U.S. Department of Agriculture: Animal and Plant Health Inspection Service



Shriner 0000-0003-0349-7182

Date of this Version



Veterinary Microbiology (September/October 2023) 14(5): 1-12

doi: 10.1128/mbio.00862-23


United States government work



Influenza A viruses present a major challenge for animal and human health. They circulate widely in wild waterfowl and frequently spillover into poultry, emphasizing the need for risk-based surveillance in wild birds and an understanding of the relative importance of different transmission mechanisms. We addressed this objective with a replicated (N = 6) experimental infection study in which we serially exposed eight cohorts of four naïve contact mallards to an experimentally infected mallard and a shared water pool. Viral concentration in the water was a better predictor of transmission than several direct measures of viral shedding in the focal duck. Our data provide quantification of transmission probability and its variation throughout the infectious period of an infected duck. Our findings highlight the need to consider environmental surveillance in risk-based surveillance planning and provide realistic parameters for identifying optimal control strategies using epidemiological inference.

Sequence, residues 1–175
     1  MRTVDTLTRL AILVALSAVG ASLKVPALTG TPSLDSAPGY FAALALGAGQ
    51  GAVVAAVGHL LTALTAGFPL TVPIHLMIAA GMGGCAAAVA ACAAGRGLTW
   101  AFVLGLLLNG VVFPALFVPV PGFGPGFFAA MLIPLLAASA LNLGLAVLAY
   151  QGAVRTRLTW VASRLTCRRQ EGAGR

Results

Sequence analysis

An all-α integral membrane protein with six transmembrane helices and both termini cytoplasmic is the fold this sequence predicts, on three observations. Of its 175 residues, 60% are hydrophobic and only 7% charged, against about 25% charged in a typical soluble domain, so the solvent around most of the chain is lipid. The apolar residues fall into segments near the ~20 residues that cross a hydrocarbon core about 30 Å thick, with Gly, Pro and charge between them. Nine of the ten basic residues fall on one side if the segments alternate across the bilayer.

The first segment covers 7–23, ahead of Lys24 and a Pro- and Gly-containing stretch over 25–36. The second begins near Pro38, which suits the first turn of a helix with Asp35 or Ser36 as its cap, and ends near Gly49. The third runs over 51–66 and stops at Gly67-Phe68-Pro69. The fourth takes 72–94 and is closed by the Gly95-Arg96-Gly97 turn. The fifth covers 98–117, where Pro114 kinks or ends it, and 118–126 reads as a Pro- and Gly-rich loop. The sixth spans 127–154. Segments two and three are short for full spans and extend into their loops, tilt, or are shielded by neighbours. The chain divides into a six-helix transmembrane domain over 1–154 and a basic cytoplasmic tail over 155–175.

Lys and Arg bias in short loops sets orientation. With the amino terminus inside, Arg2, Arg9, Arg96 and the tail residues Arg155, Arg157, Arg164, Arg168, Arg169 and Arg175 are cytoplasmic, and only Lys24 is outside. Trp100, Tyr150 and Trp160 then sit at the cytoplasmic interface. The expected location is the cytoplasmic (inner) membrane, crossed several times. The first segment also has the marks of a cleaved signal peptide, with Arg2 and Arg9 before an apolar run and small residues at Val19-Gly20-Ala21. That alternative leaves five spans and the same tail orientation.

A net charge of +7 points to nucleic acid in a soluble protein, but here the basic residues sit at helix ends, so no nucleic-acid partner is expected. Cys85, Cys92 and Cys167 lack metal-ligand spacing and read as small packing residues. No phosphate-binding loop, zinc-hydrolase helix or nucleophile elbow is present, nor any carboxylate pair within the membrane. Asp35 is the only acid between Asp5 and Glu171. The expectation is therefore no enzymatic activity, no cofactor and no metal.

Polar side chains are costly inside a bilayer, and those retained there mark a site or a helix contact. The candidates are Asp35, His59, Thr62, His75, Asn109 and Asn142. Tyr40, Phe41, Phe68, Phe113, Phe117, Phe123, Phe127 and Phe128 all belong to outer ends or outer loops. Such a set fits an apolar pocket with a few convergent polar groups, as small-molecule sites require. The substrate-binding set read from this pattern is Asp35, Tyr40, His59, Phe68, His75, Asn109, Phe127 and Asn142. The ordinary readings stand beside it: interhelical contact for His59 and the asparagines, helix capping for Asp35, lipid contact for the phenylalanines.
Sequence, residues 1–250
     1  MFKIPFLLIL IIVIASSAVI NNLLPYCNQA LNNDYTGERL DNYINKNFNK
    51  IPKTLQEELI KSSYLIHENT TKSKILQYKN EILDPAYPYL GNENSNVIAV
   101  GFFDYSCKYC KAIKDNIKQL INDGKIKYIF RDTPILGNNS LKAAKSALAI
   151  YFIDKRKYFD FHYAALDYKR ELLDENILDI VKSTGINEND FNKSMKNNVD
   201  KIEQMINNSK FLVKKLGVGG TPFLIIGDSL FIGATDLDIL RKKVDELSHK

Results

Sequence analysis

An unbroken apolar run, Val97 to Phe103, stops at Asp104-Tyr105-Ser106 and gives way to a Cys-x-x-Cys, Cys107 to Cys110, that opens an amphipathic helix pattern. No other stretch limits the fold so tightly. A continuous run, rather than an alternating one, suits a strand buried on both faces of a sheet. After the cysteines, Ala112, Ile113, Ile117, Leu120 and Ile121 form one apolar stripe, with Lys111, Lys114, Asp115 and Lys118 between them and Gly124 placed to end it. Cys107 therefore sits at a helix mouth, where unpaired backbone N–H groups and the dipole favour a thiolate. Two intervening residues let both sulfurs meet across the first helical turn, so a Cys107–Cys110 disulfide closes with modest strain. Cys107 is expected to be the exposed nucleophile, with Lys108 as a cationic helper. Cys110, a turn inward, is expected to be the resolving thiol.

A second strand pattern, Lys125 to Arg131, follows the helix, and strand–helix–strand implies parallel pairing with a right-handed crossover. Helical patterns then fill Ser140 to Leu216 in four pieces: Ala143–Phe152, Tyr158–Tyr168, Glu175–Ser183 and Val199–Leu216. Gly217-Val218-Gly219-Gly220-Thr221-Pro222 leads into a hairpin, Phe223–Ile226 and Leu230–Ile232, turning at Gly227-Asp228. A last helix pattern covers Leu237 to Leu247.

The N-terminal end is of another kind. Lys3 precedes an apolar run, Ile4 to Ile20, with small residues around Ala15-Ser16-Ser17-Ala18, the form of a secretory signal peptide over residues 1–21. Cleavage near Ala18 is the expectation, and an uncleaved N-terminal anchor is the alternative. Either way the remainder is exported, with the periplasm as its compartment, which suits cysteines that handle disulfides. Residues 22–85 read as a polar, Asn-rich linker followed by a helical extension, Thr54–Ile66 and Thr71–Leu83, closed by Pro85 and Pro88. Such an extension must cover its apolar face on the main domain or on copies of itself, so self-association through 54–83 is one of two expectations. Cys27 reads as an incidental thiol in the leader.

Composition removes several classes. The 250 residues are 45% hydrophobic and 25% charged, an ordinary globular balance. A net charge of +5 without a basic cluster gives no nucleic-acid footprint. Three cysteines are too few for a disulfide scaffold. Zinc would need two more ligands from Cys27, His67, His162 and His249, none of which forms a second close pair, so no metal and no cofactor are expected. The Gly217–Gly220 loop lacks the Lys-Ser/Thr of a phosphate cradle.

Wild birds are the natural reservoir hosts of influenza A viruses. Highly pathogenic strains of influenza A viruses pose risks to wild birds, poultry, and human health. Thus, understanding how these viruses are transmitted between birds is critical. We conducted an experiment where we experimentally infected mallards which are ducks that are commonly exposed to influenza viruses. We exposed several contact ducks to the experimentally infected duck to estimate the probability that a contact duck would become infected from either exposure to the virus shed directly from the infected duck or shared water contaminated with the virus from the infected duck. We found that environmental transmission from contaminated water best predicted the probability of transmission to naïve contact ducks, relatively low levels of virus in the water were sufficient to cause infection, and the probability of a naïve duck becoming infected varied over time.

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